Other examples that were considered breakthroughs of their time were:

  • The Polybius square: Another cryptographic breakthrough from ancient Greece relies on a 5 x 5 grid that starts with the letter “A” in the top left and “Z” in the bottom right (“I” and “J” share a square). The numbers 1 through 5 appear both horizontally and vertically atop the top row of letters and to the far left. The code relies on giving a number and then locating it on the grid. For example, “Ball” would be 12, 11, 31, 31.
  • Enigma machine: The Enigma machine is a WWII technology known as an electro-mechanical rotor cipher machine. This device looked like an oversized typewriter and allowed operators to type in plaintext, while the machine encrypted the message and sent it to another unit. The receiver writes down the random string of encrypted letters after they lit up on the receiving machine and broke the code after setting up the original pattern from the sender on his machine.
  • Data Encryption Standard: The Data Encryption Standard (DES) was the first modern symmetric key algorithm used for encryption of digital data. Developed in the 1970s at IBM, DES became the Federal Information Processing Standard for the United States in 1977 and became the foundation for which modern encryption technologies were built.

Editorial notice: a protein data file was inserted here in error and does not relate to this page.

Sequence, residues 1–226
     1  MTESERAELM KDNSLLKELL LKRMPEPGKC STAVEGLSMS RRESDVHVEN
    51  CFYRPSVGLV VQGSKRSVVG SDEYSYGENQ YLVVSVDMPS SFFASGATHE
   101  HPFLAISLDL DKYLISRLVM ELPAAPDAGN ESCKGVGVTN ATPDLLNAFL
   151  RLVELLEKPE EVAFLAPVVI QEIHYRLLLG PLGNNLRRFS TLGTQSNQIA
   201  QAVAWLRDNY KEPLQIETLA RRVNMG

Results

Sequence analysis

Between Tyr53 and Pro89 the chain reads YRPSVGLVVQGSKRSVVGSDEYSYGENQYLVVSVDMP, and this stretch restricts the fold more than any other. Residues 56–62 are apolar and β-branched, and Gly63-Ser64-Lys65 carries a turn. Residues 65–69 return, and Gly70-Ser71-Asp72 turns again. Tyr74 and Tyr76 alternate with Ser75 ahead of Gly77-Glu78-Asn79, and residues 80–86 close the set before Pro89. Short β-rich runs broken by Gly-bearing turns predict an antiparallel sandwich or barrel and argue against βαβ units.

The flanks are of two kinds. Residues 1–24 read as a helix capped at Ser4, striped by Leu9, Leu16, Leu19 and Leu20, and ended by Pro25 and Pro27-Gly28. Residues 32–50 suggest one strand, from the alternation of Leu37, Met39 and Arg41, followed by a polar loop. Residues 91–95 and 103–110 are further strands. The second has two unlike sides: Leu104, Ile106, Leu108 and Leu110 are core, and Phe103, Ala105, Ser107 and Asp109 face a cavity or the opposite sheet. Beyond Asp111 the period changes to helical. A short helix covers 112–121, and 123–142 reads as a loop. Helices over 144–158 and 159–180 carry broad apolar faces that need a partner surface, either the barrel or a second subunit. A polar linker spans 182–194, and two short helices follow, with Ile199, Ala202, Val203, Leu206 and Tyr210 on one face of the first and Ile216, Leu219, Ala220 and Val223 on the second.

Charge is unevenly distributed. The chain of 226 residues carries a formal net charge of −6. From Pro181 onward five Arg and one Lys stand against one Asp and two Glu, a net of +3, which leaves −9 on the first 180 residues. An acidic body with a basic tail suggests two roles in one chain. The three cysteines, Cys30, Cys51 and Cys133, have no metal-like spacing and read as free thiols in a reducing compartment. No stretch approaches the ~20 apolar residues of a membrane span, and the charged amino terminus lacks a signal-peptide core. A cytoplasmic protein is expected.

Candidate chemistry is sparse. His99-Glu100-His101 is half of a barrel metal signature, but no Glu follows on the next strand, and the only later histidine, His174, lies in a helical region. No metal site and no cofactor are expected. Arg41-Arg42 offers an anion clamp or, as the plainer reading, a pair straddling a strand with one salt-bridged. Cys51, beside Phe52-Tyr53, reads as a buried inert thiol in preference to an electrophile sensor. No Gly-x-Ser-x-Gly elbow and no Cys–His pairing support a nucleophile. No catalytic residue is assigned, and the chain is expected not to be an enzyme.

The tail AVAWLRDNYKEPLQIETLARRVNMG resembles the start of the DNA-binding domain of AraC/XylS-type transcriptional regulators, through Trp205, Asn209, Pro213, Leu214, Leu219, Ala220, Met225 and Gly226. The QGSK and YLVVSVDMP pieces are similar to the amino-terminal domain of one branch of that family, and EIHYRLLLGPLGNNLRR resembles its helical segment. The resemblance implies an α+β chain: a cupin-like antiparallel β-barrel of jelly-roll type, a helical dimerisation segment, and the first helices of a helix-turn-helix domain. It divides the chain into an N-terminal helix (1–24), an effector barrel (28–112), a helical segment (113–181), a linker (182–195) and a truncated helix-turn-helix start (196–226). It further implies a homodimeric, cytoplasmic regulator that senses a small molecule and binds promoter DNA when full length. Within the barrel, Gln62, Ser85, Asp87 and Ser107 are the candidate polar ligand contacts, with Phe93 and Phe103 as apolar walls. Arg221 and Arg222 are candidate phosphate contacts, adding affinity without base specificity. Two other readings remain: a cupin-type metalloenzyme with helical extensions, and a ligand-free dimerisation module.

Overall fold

Modern Encryption Technology

Modern encryption technology uses more sophisticated algorithms as well as larger key sizes in order to better conceal encrypted data. The larger the key size, the more possible combinations that a brute force attack would have to run in order to successfully find decrypt the ciphertext.

As key size continues to improve, the length of time it takes to crack an encryption using a brute force attack skyrockets. For example, while a 56-bit key and a 64-bit key look to be relatively close in value, the 64-bit key is actually 256 times harder to crack than the 56-bit key. Most modern encryptions use a minimum of a 128-bit key, with some using 256-bit keys or greater. To put that into perspective, cracking a 128-bit key would require a brute force attack to test over 339,000,000,000,000,000,000,000,000,000,000,000 possible key combinations. In case you are curious, it would actually take over a million years to guess the correct key using brute force attacks, and that’s using the most powerful supercomputers in existence. In short, it’s theoretically implausible that anyone would even try to break your encryption using 128-bit or higher technology.